Dennis Eckersley filled in for Jerry Remy during the Red Sox road trip to play the Giants and Dodgers and has remained on board for the Orioles series. Eckersley’s analysis, cluttered with lingo like “cut the moss,” “throwing cheese,” and “Hello?!”, is also often insightful and informative. Such was the case when he praised Jarrod Saltalamacchia for his consistent season behind the plate for the Sox in 2013.
Saltalamacchia has seemingly overcome the developmental issues that persisted during the early part of his career on the defensive side of the plate. His swing has always provided power and, perhaps most importantly, he has become a trusted game-caller by Boston’s pitching staff. Salty is playing in a contract year in 2013. In this post, I’ll take a look at the market for catchers, analyze Salty’s true value to the Sox, and give a prediction for whether I see him re-upping with Boston this offseason.
Saltalamacchia was once a top prospect in the Braves system and was the center-piece in a 2007 trade for Mark Teixeira. Much of the promise scouts saw in Salty arose from the power he generated from his uppercut swing from the left side of the plate. Like most young players with a long powerful stroke, Salty struggled with strikeouts and inconsistencies in his approach. Salty’s status as a star prospect diminished during his time in Texas due to his inability to put the ball in play, and the Sox took a flier on him at the end of the 2010 campaign. The numbers show the type of hitter that he has been from 2011-2013 with the Sox, but also point to a fundamental change in his approach in his most recent campaign.
From 2011-2013, Salty hit the 6th-most homers amongst catchers in Major League Baseball with 51 (Mike Napoli leads all catchers with 69, despite playing his entire 2013 campaign at first base). Salty is also last among all Major League catchers with a 69.8% contact rate and leads the group with a 30.6% strikeout rate. These are numbers that reflect a hitter who swings to hit the ball out of the park for each and every swing he takes.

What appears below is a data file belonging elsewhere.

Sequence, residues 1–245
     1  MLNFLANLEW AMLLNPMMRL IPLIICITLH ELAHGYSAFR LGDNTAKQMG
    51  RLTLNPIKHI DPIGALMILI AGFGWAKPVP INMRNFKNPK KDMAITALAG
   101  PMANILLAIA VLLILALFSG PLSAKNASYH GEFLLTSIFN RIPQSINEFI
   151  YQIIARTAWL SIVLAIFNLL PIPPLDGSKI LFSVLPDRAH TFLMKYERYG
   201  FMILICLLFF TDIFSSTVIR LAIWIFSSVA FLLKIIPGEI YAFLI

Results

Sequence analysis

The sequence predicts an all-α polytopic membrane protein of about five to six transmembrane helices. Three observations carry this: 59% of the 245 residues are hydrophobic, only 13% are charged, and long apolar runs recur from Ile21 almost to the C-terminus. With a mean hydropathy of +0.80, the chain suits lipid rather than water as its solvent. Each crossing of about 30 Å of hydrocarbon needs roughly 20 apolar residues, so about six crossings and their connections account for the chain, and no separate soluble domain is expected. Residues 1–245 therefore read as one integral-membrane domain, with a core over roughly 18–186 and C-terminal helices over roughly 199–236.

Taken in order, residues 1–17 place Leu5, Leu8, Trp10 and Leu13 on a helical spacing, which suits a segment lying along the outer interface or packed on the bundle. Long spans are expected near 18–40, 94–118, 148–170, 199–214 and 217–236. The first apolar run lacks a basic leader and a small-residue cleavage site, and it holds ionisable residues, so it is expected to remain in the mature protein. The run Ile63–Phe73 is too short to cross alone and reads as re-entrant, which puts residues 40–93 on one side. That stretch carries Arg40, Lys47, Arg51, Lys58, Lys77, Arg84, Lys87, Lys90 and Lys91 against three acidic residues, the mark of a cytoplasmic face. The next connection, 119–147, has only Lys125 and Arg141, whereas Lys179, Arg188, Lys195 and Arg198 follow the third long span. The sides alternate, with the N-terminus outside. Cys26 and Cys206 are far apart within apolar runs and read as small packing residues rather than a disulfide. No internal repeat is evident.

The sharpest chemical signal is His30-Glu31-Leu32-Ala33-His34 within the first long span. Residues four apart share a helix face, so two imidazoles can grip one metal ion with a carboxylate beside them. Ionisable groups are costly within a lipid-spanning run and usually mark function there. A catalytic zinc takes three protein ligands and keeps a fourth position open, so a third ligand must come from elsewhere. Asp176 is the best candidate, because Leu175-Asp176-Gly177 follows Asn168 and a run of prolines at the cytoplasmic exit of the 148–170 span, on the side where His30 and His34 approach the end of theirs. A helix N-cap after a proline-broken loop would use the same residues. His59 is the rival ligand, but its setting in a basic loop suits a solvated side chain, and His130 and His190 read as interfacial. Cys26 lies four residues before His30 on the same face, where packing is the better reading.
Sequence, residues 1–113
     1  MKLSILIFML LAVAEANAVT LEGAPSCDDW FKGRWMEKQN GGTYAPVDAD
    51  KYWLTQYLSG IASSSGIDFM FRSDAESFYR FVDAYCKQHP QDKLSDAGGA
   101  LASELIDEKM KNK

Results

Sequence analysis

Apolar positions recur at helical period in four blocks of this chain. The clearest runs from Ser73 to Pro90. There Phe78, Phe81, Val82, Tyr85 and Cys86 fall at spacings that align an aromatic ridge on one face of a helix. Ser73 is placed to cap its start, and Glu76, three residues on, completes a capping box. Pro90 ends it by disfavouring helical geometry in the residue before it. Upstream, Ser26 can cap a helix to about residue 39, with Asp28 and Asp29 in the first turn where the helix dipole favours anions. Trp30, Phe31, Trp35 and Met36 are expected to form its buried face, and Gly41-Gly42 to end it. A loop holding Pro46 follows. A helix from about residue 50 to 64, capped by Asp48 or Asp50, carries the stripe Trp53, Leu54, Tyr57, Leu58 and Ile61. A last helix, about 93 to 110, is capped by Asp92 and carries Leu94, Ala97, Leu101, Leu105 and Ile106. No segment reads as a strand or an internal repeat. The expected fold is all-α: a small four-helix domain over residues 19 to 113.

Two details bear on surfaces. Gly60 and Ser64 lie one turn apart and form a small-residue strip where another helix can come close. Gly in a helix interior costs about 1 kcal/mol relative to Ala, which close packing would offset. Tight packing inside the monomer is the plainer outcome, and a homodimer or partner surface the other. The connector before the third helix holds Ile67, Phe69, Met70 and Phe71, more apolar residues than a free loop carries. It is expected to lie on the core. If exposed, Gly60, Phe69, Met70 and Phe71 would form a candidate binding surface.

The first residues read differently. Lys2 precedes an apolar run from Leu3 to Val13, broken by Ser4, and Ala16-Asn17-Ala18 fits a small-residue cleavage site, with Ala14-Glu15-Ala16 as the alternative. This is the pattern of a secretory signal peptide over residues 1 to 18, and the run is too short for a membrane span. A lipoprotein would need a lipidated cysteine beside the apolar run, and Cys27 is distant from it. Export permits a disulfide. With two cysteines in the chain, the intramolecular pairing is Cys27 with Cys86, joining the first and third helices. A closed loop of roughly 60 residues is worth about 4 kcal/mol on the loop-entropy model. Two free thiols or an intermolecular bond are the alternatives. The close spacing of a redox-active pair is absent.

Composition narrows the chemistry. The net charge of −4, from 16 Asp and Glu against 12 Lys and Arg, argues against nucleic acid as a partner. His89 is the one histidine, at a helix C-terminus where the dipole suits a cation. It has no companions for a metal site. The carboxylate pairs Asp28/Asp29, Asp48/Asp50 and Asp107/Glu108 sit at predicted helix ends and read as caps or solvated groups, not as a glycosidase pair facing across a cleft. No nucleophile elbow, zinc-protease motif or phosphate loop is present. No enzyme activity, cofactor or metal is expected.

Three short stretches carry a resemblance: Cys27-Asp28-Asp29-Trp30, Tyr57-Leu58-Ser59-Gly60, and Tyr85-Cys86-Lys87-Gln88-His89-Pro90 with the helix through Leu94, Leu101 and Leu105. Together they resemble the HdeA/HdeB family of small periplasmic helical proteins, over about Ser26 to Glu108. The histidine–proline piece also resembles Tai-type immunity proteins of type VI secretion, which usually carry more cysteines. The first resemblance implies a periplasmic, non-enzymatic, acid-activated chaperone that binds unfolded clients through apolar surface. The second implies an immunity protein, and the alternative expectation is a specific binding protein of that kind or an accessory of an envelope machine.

Despite the strikeouts (which have been prevalent throughout Salty’s career), it is clear that he has gone through a fundamental change in hitting philosophy during the 2013 campaign. The graph below helps us visualize Salty’s trend during his time with the Sox:
The graph breaks down Salty’s batted balls by fly balls, ground balls, or line drives. When he arrived with the Sox in 2010, Salty was in the worst spot, batted ball-wise, of his entire career. His line drive percentage hovered around 5%, whereas his fly ball (and pop up) percentage was at the highest of his career. Since he has been with the Sox, Salty has reversed this trend, culminating in the highest line-drive (and lowest fly-ball) percentages of his career in 2013. This is one reason for Salty’s apparent decrease in power, as ZiPS projects him to hit 14 dingers this year following seasons of 16 homers in 2011 and a career-high 25 in 2012. Despite the slight dip in power, the change in approach has made Salty a more productive overall hitter: his greater propensity to hit line drives has caused his BABIP to rise dramatically from .265 in 2012 to a whopping .379 in 2013. Moreover, it has caused his overall average and OBP to rise to .270 and .341, respectively (up from .222 and .288 in 2012). The only surprising stat after noticing Salty’s decrease in FB% and increase in LD% is that his slugging percentage has not changed at all from 2012 to 2013, even despite the fact that his homer rate is down. But a quick review of Salty’s counting stats reveals that this is due to the fact that he ranks eighth in the Major Leagues with 34 doubles. We can again attribute this to his greater propensity to hit line drives, as many of the long fly balls that stayed up for just too long may be dropping for Salty in 2013.
As his batted ball trends and overall stats suggest, Salty has been on an upward slope as a hitter during his time with the Red Sox.
While we have just examined the ways in which Salty helps his club with the bat, he holds arguably even more value to the Sox has their primary backstop. This is where the intangibles come in to play, which might be the single biggest factor as to why Salty gets a major pay-day (or why he doesn’t) on the open market. Simply put, there is much more to calculating player value for a catcher than offensive and defensive stats alone.
Catchers can improve a pitching staff with their daily preparation and ability to call a game. In an effort to quantify Salty’s game-calling ability, I’ll reference an article called “Salty’s Defense/Game-Calling Impact” on the Pro Sports Daily forums. As of August 5th, the chart below gives pitcher’s ERA during Salty’s starts as compared to his back-up’s starts over the past three years: